Jack Bennett considers the synthesis of Black and Indigenous culture in a radical musical genre.
Jack Graveney reads one of Brecht’s most famous plays as a polemic against the cult of historical heroism.
Srilekha Cherukuvada asks what a history of asylums and abuse tells us about what’s needed in the coming years.
The introduction of the Hays Code in 1934 changed the nature of a once boundary-pushing industry. Isabelle Drury considers its continuing effects.
Sam Radford writes on the legacy of More’s Utopia and the radical fantasies it has inspired.
Alex Stanton puts forward the case for including historiography in the school history curriculum.
Anusha Persson considers the power of DIY publishing in the construction of 20th-century Spanish feminism.
Connall Maclennan writes on how Cleve Jones’ memorial sets itself apart from other monuments.
Nick Batho writes on the power and authority of children’s words and views in anti-racist activism.
Hannah Ross asks what the history of women in advertising tells us about modern trends.
Isabella Hendricks discusses the consequences of the false declaration of terra nullius on Australian land.
As statues around the world fall, Carlotta Stewen examines the social and political legacy of a different kind of cultural icon.
George Evans considers the insights folktales and mythology offer historians into the thoughts and fears of common people.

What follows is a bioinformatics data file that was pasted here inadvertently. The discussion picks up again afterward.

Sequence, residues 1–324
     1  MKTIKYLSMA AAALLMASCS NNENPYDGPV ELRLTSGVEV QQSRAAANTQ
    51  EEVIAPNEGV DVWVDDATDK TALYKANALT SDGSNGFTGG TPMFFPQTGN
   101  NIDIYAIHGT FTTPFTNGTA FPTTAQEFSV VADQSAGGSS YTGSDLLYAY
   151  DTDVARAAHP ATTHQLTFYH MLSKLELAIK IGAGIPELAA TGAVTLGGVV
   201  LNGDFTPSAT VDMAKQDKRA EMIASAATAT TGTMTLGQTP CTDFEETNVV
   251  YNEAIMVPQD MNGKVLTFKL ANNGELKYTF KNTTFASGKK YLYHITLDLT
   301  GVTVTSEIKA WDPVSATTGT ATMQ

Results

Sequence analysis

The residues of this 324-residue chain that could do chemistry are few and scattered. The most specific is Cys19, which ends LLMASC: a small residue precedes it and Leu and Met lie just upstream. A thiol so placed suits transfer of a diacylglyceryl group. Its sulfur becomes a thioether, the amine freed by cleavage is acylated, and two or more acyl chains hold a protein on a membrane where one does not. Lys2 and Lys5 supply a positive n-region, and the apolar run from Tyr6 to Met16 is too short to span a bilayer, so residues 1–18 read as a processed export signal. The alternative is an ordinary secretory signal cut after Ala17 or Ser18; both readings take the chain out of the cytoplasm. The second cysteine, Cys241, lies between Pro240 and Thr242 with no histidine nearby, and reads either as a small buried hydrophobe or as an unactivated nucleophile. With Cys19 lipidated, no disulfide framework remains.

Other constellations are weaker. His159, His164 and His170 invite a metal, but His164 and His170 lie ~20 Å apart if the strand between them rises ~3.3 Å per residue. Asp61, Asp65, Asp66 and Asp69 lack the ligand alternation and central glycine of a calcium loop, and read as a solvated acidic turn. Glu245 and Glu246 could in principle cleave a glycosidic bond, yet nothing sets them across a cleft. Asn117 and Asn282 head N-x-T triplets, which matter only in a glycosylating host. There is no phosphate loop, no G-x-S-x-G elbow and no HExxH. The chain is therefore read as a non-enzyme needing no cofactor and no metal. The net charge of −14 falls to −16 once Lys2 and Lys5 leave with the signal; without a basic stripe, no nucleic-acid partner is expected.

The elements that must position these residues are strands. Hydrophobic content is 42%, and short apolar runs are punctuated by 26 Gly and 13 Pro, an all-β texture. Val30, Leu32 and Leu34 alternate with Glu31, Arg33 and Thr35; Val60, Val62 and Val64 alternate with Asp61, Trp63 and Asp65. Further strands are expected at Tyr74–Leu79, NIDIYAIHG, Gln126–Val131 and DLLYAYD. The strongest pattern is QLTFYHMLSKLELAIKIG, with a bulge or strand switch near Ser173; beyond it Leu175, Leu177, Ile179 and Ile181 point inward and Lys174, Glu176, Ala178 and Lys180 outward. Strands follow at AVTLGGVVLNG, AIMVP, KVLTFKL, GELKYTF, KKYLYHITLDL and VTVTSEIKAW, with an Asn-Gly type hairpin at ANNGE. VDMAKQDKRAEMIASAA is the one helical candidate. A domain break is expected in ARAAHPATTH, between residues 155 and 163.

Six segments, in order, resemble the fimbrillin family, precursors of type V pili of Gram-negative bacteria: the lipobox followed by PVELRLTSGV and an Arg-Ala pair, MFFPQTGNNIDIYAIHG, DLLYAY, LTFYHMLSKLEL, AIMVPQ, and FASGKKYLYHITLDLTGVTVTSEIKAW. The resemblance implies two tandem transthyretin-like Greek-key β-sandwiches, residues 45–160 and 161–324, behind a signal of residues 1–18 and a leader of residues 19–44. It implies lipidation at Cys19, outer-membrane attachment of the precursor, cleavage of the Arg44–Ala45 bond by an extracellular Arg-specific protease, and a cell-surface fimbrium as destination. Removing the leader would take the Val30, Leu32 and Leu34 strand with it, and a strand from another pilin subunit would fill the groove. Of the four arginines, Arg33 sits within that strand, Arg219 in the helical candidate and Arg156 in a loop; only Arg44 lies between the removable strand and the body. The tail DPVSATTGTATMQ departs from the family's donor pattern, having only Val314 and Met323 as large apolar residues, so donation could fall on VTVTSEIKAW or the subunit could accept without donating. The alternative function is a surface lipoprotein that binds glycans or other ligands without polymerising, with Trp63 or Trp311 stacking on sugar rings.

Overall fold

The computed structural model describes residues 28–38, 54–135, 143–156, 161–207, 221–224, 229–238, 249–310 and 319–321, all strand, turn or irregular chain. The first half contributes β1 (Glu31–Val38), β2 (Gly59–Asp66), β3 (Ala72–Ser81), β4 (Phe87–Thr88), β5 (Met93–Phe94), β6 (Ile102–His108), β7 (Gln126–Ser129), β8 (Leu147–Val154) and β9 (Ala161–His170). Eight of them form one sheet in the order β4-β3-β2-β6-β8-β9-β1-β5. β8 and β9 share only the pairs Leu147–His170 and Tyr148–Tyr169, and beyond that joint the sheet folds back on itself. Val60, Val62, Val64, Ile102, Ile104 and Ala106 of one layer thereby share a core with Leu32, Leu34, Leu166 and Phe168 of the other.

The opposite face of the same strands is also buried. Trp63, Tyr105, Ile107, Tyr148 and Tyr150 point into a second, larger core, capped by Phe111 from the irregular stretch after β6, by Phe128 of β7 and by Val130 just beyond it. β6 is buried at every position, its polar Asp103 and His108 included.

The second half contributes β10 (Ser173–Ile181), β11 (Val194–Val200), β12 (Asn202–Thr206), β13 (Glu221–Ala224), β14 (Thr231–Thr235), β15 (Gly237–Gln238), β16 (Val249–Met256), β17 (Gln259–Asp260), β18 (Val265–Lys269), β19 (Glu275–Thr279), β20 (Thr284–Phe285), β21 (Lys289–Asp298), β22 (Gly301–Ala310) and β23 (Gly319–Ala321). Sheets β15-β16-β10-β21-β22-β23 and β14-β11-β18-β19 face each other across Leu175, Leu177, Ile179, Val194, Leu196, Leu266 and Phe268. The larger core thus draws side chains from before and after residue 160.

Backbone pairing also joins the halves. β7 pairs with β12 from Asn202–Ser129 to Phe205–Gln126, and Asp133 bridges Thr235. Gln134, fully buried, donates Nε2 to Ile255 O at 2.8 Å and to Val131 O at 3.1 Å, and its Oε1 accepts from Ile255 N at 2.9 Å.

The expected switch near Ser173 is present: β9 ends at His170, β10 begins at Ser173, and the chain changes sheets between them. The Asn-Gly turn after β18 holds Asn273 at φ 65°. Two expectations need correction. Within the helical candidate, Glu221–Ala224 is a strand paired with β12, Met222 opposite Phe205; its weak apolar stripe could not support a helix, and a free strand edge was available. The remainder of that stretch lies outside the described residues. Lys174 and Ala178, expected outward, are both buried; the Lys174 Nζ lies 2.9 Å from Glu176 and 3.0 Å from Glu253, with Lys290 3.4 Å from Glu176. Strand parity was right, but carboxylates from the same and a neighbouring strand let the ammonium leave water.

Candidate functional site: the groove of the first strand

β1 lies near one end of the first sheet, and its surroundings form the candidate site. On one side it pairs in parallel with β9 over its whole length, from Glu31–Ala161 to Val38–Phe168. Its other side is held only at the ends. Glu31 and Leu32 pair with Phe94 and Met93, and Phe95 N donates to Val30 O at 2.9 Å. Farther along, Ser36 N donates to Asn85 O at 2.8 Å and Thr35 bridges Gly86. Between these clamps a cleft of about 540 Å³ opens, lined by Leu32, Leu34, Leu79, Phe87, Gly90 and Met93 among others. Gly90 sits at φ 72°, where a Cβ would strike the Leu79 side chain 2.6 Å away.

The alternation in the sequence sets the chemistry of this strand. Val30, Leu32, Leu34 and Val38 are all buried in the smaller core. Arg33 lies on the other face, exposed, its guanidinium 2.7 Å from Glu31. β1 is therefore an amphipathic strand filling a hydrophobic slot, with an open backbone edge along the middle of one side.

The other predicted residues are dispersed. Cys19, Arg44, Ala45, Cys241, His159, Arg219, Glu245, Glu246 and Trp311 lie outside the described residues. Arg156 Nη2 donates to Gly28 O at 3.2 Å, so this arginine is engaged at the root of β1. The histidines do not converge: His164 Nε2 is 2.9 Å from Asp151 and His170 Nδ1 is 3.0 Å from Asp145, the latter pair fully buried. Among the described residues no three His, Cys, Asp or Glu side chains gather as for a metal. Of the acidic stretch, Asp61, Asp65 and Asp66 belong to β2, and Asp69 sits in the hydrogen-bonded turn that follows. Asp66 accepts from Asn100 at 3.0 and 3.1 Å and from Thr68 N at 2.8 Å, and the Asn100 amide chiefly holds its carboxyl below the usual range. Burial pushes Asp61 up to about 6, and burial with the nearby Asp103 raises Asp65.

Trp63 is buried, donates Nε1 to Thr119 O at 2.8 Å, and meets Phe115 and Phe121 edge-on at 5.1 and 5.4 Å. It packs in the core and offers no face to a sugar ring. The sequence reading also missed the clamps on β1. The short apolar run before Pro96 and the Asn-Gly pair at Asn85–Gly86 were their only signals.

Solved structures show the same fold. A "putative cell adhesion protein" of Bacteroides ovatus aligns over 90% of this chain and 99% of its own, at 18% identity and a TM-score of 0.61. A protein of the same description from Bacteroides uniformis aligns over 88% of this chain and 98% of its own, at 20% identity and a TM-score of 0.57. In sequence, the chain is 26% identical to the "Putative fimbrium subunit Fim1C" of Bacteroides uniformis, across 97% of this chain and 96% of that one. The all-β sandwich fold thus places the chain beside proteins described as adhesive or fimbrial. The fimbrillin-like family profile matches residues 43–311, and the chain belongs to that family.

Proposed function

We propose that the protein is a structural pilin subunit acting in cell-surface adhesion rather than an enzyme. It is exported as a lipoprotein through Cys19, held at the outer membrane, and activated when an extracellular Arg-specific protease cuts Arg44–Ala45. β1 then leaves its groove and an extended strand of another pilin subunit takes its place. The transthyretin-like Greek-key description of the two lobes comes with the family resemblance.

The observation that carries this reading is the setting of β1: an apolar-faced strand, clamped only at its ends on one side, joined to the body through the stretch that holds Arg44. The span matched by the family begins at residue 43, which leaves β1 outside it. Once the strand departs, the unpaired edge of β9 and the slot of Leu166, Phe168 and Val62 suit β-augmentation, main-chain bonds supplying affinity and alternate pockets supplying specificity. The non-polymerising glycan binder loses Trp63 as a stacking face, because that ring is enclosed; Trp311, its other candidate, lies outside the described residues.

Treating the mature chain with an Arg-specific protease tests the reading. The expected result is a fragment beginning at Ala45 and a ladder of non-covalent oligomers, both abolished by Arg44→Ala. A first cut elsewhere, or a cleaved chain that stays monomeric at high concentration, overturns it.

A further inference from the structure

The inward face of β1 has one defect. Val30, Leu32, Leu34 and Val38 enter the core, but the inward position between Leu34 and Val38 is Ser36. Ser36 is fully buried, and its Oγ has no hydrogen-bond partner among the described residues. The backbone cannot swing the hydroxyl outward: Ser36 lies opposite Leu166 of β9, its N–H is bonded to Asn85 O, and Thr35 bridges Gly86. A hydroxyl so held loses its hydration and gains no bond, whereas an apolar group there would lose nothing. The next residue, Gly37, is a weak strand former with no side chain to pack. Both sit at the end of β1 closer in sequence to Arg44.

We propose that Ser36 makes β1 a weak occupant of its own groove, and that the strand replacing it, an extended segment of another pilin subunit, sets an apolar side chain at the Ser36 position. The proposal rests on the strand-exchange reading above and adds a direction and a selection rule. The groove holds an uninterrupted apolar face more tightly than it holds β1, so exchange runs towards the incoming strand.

The notorious Section 28 was repealed in 2003 – but 95% of young people still don’t learn about LGBT+ relationships in school. Liam Beattie argues that it’s time for that to change.
Mollie Watkins examines the contested role of labour pain relief in second-wave feminism.
Christopher Columbus has, for decades, been a symbol of Italian-American identity. Rachel Carr looks at how the community today is grappling with his legacy.
Greg Denholm examines how a pop-culture icon helped legitimise anti-Japanese prejudice during the war in the Pacific.
Ellen Knight tells the tale of the unconventional icons of early democracy.
Siavash Minoukadeh describes how successive governments drove the creation and consumption of art into the control of an elite few.
Joseph Callow recalls the golden days of a musical movement that swept the newly-independent Zambian nation.
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